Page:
Autumn is headed here, as it has annually for two billion years or more, and as it shall continue for perhaps as long into the future. We are warm blooded creatures with incredible domain over the landscape, but with no control over the coming and going of the seasons. Yet, it pleases us when summer arrives, when it stays, and when it carries on so far as to bring us abundance from our gardens and our waters.
A human being, given adequate clean water, simply needs less food to maintain her body temperature to survive during the warm, humid summers that persist throughout most of our species' historic range. Our body chemistry, and even our souls, respond to summer's arrival, exploding like a blooming prairie to the possibility of investing in something other than survival in the cold. It is a glorious time of year to be warm-blooded. To be human. To know the earth and waters below our feet. To know God, to such extent that any of us can know him. Late summer is the easy season.
It is easy enough to write wistful tales of charcoal grills, red and white fishing bobbers, and teaching a young boy or girl to skip rocks or collect worms for bait. I am guilty of frequently indulging in such writing - not only because it is easy, but because it is satisfying to my mind and soul. That writing has some value, perhaps, because our senses record and our memory recalls warm weather contentment driven by our inherited biology, natural instincts, and our souls. But let us not confuse our senses as being direct products of our soul.
When I examine, as I've been known to do, the reasons why I spend so much time afield, the reasons explode onto the page (or screen) like spores from a forest puffball. Yet, almost all of them quickly fall into the mold of what I just described. Sensory memories. Pleasantries. A sincere connection to that which is real. I strongly believe that all of those are valid reasons to pursue a life outdoors. And yet they fall so short of explaining why our connection to the outdoors can be so strong - and why we come so vibrantly alive in the summer. There is something more, a piece of us far more deep and precious and intractable that cannot easily be explained by the weights and measures of scientists, or even with a working knowledge of the source of pheromones and instincts automatically thrusted into our consciousness by summer's arrival.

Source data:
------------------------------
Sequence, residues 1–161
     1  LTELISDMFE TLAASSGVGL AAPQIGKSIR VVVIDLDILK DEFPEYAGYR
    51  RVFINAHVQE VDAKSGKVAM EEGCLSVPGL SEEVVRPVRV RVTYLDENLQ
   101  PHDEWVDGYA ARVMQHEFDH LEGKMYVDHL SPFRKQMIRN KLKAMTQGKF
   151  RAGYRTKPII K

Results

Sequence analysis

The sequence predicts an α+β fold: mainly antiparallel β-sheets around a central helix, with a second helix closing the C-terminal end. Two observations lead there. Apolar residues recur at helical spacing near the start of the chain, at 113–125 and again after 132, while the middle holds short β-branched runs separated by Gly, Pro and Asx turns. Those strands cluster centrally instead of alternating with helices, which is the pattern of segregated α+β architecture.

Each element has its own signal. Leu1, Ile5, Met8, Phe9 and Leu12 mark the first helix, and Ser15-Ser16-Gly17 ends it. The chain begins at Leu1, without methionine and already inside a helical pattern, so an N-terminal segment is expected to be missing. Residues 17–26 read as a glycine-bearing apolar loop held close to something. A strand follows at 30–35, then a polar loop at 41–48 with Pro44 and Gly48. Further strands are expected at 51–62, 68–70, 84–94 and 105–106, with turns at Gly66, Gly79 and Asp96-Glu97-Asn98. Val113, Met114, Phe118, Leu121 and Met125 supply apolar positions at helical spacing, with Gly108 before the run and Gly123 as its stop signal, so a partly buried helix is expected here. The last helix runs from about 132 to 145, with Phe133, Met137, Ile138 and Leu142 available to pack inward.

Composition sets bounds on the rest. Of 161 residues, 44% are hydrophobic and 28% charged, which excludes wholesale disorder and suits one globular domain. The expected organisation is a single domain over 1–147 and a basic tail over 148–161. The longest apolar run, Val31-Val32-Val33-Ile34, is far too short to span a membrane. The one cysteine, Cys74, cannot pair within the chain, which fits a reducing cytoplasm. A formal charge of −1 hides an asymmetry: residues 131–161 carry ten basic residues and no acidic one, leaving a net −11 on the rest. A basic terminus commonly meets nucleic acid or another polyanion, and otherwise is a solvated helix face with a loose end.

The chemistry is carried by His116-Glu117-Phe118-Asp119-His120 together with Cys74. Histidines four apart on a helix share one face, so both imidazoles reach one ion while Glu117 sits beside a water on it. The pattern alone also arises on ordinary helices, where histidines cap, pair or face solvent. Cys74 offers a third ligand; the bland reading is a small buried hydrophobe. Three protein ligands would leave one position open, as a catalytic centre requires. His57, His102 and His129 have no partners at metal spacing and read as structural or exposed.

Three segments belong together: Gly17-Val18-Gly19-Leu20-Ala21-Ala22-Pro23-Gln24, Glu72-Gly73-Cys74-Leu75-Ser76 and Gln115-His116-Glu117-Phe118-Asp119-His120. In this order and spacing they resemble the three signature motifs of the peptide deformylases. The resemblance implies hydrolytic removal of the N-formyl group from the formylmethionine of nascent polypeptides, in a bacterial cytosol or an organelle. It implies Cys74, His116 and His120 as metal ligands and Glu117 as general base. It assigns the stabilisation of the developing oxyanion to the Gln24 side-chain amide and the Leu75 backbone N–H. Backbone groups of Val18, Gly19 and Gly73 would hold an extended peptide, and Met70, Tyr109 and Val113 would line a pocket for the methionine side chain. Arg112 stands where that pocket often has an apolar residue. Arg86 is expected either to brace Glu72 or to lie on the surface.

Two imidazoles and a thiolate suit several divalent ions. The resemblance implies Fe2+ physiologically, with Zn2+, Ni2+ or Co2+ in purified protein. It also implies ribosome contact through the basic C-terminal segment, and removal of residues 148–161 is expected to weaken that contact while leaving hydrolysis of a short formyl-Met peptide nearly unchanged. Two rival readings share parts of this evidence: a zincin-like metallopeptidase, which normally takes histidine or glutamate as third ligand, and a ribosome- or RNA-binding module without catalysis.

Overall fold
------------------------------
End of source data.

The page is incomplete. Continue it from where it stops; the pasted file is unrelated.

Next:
If I claimed to understand anything about my own soul, let alone yours, I would be lying. I don't know where it is. What it is. Why it persists, despite our greatest efforts to eliminate it. Or why God let us keep it in the first place. And yet, it is there, not because it is, but because it must be. Some argue that the soul is clearest to our consciousness in times of great need and strife. I disagree, for it is those moments when most living things - including people - hold and act upon the strongest biological instincts within us, wholly disregarding ethereal arguments about righteousness, piety, and our eternal destination. I'd argue to any philosopher that a cold winter's crisis is a cruel time to evaluate a man's or woman's deeper basis for existing.
Instead, I'd tell them that the soul is most apparent in the late summer. The easy season.
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